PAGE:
Desperate Japanese politics delays the inevitable, says Greenpeace
ADELAIDE/ AUCKLAND, 4 JULY 2000: The failure of a proposal from the New Zealand and Australian Governments for a South Pacific Whale Sanctuary was a short-term victory for desperate Japanese politics but did not spell the end for the proposal, Greenpeace said today.
Despite overwhelming support, 18-11, the proposal failed. The proposal needed a three quarter majority of those nations voting to be successful.
Greenpeace oceans campaigner Zac Qereqeretabua said the vote showed that there was growing support for a South Pacific Whale Sanctuary and that Greenpeace was now confident that the sanctuary would soon be a reality. He called on the Japanese Government to quit its "desperate politics" and respect the will of the nations of the South Pacific.
"We are deeply disappointed that Eastern Carribean states, in ignoring the wishes of South Pacific Islands, have allowed their vote to be bought by a country that wants to commercially hunt whales thousands of miles away from its own shores," Mr Qereqeretabua said.
"This vote should have been about conserving the remaining world's whale populations not about short-term gain. A South Pacific Whale Sanctuary would have stimulated a sustainable industry and economic independence for developing island states by providing them with a strong foundation for the emerging whale watching industry." said Qereqeretabua.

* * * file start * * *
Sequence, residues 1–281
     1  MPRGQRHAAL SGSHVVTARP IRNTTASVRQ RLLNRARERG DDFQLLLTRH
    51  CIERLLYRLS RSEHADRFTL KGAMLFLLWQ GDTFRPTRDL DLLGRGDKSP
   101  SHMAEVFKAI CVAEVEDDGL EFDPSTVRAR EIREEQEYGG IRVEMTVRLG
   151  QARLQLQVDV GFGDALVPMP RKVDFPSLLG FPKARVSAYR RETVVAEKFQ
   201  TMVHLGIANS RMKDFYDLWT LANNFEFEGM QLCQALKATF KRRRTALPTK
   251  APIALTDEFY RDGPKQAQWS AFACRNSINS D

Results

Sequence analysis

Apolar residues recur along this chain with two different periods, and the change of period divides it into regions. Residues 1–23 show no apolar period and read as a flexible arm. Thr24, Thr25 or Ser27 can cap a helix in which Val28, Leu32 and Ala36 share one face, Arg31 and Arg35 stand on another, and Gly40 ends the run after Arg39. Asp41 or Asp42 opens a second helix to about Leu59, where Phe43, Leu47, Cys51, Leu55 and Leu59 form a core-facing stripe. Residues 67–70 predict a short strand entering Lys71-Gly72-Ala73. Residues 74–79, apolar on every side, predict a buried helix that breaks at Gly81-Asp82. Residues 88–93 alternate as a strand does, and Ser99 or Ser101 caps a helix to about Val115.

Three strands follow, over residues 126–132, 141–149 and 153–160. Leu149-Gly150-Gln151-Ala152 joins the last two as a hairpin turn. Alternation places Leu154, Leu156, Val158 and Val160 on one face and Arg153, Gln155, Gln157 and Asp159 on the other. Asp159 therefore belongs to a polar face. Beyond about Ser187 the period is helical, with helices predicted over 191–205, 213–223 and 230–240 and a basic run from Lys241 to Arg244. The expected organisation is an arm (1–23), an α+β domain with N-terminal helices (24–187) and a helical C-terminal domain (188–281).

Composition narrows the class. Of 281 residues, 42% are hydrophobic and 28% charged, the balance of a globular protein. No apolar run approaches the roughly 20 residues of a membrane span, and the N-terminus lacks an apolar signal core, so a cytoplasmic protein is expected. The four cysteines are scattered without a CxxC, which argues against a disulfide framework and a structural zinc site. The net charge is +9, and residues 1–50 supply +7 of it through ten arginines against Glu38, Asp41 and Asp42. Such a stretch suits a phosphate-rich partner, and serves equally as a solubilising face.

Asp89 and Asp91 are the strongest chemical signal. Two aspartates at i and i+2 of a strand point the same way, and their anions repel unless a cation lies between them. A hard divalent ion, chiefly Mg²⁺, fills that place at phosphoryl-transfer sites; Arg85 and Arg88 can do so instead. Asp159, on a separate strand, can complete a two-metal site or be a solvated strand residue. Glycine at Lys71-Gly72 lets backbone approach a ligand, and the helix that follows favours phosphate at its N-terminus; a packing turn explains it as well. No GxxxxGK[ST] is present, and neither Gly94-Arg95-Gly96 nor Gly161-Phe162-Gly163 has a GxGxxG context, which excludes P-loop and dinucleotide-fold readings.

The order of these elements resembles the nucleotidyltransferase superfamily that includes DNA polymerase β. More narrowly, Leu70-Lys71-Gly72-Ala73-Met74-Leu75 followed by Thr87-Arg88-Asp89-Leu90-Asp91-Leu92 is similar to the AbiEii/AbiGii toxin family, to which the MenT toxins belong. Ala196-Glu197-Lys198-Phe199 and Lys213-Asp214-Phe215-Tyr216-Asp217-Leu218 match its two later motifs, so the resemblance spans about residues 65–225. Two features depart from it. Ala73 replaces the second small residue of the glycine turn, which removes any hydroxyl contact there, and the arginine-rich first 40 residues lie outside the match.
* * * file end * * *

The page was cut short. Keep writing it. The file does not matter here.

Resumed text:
Greenpeace New Zealand Ocean Ecology Campaigner Sarah Duthie congratulated the New Zealand and Australian support of the sanctuary and said she hoped that they would bring the proposal back to next year's International Whaling Commission meeting, indicated by the Hon Sandra Lee.
"It is clear that an overwhelming number of New Zealanders and people around the world are opposed to commercial whaling and they will not be satisfied until a sanctuary in the South Pacific has been established." said Duthie
For further information please contact http://www.greenpeace.org/~oceans/iwcor call: Sarah Duthie, Greenpeace New Zealand 09-630-6317 or 025-927-301 Zac Qereqeretabua, Oceans Campaigner in Adelaide on +61-415-411-719.